|Publication number||US3759859 A|
|Publication date||Sep 18, 1973|
|Filing date||Jul 19, 1971|
|Priority date||Jul 19, 1971|
|Publication number||US 3759859 A, US 3759859A, US-A-3759859, US3759859 A, US3759859A|
|Original Assignee||Union Oil Co|
|Export Citation||BiBTeX, EndNote, RefMan|
|Referenced by (5), Classifications (17)|
|External Links: USPTO, USPTO Assignment, Espacenet|
United States Patent 3,759,859 EMULSION COPOLYMERIZATION Paul J. Steinwand, Placentia, Calif, assignor to Union Oil Company of California, Los Angeles, Calif. No Drawing. Continuation-impart of abandoned application Ser. No. 884,030, Dec. 10, 1969. This application July 19, 1971, Ser. No. 163,997
Int. Cl. C(litf 1/13, /40
US. Cl. 260--29.7 T 9 Claims ABSTRACT OF THE DISCLOSURE DESCRIPTION OF THE INVENTION This is a continuation-in-part of application Ser. No. 884,030 filed Dec. 10, 1969, now abandoned.
The invention relates to latexes of rubbery copolymers and specifically to latexes of carboxylated rubber co polymers and a method for their preparation.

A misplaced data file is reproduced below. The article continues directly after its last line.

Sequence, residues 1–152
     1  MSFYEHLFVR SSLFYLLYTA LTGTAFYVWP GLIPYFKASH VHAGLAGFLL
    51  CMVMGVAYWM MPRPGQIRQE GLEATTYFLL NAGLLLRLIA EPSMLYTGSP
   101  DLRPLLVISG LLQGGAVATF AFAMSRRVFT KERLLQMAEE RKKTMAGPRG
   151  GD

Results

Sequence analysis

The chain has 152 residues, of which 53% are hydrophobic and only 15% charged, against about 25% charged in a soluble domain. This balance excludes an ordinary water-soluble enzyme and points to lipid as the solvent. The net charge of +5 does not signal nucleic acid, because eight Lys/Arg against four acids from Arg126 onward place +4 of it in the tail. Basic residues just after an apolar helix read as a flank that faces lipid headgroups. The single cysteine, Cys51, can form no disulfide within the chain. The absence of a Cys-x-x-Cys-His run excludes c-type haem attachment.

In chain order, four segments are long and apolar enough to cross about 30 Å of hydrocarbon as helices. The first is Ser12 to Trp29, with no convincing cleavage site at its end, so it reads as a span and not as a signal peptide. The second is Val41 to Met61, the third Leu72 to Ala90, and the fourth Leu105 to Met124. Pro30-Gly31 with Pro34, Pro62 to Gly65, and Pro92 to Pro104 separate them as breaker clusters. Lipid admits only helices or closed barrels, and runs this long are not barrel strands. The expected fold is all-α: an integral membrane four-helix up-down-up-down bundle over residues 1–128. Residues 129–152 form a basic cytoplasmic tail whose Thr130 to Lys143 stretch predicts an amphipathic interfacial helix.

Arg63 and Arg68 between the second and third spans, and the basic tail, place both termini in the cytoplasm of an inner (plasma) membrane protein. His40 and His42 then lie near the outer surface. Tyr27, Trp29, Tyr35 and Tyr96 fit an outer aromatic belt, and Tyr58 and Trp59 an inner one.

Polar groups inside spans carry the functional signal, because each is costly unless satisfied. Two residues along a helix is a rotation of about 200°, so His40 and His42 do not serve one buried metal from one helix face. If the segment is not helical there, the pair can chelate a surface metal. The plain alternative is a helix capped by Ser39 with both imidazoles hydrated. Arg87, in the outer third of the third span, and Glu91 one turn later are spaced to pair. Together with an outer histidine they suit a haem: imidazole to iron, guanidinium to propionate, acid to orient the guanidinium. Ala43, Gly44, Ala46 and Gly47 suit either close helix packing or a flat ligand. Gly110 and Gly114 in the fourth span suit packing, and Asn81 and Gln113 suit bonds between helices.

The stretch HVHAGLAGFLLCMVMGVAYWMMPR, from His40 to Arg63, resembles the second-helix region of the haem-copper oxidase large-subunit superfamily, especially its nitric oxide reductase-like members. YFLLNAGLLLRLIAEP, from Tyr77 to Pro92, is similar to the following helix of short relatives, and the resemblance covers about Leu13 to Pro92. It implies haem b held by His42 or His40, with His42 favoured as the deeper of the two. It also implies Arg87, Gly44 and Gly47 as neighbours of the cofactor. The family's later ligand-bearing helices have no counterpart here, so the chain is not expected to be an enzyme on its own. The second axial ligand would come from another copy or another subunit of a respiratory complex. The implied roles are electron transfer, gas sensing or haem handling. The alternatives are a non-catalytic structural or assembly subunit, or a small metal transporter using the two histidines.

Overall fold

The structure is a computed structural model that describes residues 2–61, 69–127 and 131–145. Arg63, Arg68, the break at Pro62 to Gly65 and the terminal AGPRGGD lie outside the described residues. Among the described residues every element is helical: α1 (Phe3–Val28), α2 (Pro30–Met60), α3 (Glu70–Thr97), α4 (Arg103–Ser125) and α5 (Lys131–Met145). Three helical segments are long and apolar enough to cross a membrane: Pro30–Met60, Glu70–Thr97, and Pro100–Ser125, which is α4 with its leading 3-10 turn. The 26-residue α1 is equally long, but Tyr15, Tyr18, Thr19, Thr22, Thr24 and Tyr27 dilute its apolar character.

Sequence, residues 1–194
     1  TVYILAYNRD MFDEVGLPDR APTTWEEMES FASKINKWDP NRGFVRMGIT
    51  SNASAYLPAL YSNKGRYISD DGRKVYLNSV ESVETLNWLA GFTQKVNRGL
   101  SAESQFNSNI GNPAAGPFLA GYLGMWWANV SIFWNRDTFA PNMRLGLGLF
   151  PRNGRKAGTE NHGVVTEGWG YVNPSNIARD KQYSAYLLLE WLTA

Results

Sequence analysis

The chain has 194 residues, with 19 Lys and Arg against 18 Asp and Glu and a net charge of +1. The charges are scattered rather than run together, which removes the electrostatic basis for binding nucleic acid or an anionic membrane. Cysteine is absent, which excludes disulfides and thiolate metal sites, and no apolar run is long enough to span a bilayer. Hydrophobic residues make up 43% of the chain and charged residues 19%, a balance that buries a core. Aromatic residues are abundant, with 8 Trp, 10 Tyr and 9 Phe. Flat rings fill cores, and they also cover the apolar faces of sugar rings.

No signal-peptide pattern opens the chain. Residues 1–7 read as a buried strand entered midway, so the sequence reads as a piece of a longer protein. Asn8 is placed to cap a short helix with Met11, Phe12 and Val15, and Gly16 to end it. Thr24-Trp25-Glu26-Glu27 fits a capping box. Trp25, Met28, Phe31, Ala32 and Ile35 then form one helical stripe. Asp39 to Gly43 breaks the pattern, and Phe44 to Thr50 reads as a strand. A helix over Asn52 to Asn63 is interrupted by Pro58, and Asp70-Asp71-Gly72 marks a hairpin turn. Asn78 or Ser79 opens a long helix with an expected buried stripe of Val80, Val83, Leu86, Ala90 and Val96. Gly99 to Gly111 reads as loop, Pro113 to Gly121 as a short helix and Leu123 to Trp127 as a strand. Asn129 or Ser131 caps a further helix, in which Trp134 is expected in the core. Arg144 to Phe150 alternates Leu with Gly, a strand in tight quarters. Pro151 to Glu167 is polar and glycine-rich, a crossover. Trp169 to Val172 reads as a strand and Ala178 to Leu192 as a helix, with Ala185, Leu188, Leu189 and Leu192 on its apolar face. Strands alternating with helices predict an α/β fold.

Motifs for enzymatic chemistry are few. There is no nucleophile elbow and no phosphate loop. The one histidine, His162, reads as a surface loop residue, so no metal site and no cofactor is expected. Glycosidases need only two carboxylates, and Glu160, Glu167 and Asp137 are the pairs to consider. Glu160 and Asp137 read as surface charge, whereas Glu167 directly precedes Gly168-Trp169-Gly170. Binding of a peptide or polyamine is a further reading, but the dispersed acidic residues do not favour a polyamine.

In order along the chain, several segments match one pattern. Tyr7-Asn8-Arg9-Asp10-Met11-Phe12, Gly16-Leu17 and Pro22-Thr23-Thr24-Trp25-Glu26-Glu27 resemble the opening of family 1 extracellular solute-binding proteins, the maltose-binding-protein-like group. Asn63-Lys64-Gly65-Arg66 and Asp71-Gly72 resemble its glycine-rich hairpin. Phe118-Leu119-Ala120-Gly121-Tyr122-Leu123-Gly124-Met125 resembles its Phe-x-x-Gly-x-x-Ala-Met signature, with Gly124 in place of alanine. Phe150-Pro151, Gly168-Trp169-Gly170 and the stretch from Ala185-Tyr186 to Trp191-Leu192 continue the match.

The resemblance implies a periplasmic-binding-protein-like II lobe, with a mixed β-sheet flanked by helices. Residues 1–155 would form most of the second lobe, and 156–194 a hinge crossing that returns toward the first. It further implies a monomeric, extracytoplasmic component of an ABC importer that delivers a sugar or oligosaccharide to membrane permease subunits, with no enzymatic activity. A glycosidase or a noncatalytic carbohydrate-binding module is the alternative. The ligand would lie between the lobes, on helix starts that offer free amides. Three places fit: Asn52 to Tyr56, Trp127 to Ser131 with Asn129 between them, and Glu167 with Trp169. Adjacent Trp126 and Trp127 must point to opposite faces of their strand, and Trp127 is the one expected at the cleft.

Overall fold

The latexes of rubbery copolymers have been used for various coating applications such as for textile treatment, paper treatment, etc. The adhesion and internal crosslinking of the film resulting from the application of such latexes is improved by the interpolymerization of various ethylenically unsaturated carboxylic acid salts or esters thereof. These latexes are prepared by emulsion copolymerization wherein a conjugated aliphatic diene is copolymerized with various ethylenically unsaturated comonomers in the presence of the ethylenically unsaturated carboxylic acids which are thereby incorporated in the polymer chain. Emulsification of the comonomers and of the vinyl polymer product is achieved by incorporation of various surfactants in the polymerization medium and/or by the addition of various surface active agents to the latex after its formation. When carboxylic acids are introduced along the chain of the polymer by the copolymerization in the presence of such ethylenically unsaturated carboxylic acids, problems are encountered in achieving the optimum stability of the resulting latex. The presence of the carboxylic acids tends to form lumps and coagulates in the resulting latex, a condition which cannot be tolerated in the subsequent use of the latex as a coating composition or as an adhesive.